differentiate their products.

  • From a client perspective, this means
    less real choice when selecting a softswitch product.  On the
    plus side, however, clients can be less concerned about the prospect
    of switching vendors.
  • From a vendor viewpoint, providers that focus on mobile operators and their needs for service differentiation and network optimization
    will be well-placed to help communications service providers (CSPs) in their transition to LTE.5

Media Gateways Vs. Session Border Controllers

A media gateway (or media gateway controller) is a “device that
converts data from the format required for one type of network to the
format required for another.”6  A session border
controller (SBC) is a “device or software

that governs
the manner in which phone calls are initiated, conducted, and terminated
on a Voice over Internet Protocol (VoIP)
network. Phone calls are referred to as sessions.”7 

Frost & Sullivan’s
Global Enterprise Media Gateway and Session Border Controller Market
analysis reveals that media gateways and session border controllers are on the
opposite ends of the softswitch market cycle.  “While media
gateways are mature products and increasingly losing relevance in unified
communications (UC) infrastructure, enterprise session border controllers are
emerging from a nascent stage with a widening presence in businesses.  However,
the ongoing transition to voice over Internet protocol (VoIP) access and session
initiation (SIP) trunking is driving growth in both segments – media gateways in
legacy communication platforms, and [SBCs] in modern all-IP based UC platforms.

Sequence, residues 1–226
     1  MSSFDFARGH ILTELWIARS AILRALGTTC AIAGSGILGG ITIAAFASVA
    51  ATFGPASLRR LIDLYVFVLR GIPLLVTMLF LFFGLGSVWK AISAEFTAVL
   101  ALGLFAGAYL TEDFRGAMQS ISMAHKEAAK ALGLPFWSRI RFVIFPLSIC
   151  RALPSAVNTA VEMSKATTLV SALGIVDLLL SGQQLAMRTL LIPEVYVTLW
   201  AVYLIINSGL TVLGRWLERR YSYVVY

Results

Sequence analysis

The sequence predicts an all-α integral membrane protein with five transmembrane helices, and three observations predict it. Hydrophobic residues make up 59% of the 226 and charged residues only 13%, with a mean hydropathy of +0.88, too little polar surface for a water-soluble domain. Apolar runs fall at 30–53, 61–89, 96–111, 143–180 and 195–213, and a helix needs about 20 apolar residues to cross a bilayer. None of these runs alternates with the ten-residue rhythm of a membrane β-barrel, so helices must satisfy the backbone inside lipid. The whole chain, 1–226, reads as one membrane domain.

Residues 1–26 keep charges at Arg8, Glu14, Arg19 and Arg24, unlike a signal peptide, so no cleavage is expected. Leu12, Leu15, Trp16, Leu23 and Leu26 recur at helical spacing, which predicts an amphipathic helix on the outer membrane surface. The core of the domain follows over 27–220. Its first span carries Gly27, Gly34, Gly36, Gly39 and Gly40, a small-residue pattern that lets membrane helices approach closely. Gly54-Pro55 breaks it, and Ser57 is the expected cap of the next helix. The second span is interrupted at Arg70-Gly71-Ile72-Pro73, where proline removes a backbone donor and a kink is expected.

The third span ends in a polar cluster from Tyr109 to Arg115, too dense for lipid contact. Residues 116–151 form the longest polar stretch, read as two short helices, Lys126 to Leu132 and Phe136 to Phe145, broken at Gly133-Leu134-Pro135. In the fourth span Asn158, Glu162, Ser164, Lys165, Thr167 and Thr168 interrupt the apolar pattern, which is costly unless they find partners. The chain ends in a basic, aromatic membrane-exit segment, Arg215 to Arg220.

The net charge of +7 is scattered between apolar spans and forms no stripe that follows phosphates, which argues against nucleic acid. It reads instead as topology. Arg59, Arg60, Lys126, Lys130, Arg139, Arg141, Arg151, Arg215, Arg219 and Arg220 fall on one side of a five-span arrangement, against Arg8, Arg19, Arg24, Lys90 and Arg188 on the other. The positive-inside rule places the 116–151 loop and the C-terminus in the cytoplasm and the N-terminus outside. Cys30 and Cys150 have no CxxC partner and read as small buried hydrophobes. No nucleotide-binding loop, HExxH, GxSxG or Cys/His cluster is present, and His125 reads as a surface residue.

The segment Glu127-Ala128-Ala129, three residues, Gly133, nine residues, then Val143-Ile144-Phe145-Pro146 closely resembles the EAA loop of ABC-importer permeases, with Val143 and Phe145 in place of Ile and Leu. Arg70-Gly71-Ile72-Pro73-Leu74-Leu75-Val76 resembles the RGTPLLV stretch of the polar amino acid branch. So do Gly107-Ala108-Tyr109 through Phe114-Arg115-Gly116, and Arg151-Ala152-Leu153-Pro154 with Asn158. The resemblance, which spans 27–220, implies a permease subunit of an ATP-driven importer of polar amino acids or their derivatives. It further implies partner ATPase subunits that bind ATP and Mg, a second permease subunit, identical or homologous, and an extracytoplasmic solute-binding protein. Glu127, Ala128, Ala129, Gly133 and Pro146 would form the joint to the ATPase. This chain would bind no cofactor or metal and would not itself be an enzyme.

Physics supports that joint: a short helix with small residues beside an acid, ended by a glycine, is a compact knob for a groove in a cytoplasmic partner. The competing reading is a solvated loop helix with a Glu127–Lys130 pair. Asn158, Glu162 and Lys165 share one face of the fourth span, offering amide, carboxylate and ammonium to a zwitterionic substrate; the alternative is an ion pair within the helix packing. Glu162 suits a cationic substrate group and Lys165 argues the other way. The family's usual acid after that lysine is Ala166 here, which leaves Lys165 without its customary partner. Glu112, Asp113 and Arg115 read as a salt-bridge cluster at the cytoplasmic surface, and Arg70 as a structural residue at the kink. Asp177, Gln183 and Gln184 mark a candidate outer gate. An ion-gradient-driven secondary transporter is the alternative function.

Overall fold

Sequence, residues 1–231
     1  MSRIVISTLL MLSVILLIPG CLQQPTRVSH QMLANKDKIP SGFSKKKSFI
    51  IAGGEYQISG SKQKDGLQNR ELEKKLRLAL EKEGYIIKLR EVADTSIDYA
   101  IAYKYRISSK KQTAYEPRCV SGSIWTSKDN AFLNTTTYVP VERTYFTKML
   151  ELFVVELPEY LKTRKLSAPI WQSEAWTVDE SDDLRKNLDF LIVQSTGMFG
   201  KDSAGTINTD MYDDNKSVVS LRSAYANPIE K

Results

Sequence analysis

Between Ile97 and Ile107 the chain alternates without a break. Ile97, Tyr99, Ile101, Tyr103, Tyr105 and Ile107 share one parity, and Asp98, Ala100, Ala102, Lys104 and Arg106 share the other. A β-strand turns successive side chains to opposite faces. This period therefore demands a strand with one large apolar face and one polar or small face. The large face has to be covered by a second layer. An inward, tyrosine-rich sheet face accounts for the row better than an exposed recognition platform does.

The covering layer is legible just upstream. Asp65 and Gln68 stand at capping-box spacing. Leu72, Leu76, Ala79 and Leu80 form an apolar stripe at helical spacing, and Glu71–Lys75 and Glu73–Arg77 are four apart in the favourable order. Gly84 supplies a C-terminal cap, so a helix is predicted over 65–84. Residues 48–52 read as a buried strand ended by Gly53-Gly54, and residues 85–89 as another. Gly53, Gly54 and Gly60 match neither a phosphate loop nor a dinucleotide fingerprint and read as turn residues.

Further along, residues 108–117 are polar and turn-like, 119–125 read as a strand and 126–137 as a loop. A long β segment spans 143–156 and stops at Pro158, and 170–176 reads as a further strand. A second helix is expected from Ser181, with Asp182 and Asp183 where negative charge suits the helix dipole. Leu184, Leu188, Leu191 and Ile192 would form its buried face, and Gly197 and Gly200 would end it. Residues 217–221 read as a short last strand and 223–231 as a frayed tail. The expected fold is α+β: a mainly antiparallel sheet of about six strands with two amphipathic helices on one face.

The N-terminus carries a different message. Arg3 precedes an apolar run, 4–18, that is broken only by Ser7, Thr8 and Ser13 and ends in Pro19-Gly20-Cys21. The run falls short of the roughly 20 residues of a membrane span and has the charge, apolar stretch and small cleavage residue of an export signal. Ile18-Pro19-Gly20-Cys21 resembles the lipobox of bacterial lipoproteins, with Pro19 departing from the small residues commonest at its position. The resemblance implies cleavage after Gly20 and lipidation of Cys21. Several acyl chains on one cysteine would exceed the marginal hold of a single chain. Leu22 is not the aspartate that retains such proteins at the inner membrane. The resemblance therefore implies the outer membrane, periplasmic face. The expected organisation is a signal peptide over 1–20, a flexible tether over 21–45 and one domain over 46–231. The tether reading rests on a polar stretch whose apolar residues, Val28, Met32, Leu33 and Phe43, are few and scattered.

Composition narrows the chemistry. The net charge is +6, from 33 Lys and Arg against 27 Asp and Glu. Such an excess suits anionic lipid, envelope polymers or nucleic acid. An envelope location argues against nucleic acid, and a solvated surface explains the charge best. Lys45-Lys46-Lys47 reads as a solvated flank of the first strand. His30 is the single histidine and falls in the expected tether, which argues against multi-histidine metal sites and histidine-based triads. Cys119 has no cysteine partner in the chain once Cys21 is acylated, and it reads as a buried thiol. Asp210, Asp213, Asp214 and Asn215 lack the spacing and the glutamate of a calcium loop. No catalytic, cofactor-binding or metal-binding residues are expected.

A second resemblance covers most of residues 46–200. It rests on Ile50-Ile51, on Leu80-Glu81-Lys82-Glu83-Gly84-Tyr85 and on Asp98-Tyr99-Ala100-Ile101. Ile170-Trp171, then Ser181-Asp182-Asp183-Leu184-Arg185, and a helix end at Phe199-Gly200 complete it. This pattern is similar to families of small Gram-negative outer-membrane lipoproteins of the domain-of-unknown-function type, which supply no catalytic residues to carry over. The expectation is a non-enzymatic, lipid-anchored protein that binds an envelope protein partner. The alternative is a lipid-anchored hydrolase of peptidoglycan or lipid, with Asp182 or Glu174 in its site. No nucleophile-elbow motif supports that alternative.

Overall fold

“Enterprise media gateways will continue to exist as an essential component of
enterprise unified communications and collaboration (UC&C) deployments for the
foreseeable future.  Gateways help to bridge disparate platforms and interfaces
in order to overcome some of the interoperability challenges in multi-vendor and
multi-protocol UC&C environments.

“The enterprise session border controller segment continues to make
great strides, yet rapid growth is stymied by a lack of mindshare among small
and mid-sized customers.”8

Incremental Migration

Analyst Susan J. Campbell suggests that new
capabilities like REDCOM-enabled incremental migration may speed the
adoption of softswitch systems.  According to Ms. Campbell, “It
can be nothing short of a challenge to migrate legacy infrastructures to
an environment that can deliver NGN services effectively and
efficiently, especially when multiple technologies are in place. 
The service provider must be able to [navigate] the transition …
without impacting the end user.  This often demands a migration
path that allows for full integration between VoIP and TDM to create the
unified architecture necessary to support all communications.

“REDCOM, [a developer and manufacturer of digital and IP-enabled
telecommunications systems], delivers a next-generation carrier-class
4/5 softswitch that preserves the functionality and the investment a
carrier has in its legacy assets, while also enabling safe pass through
to VoIP technology.  This scalable, interoperable and reliable
approach ensures the needs of the carrier business are met, while
maintaining a quality of experience for the customer base.”9

Cloud-Based Softswitches

Systems provides its softswitch, iTel Switch Plus, on a hosted
basis with a monthly payment option.  Hosted offerings are ideal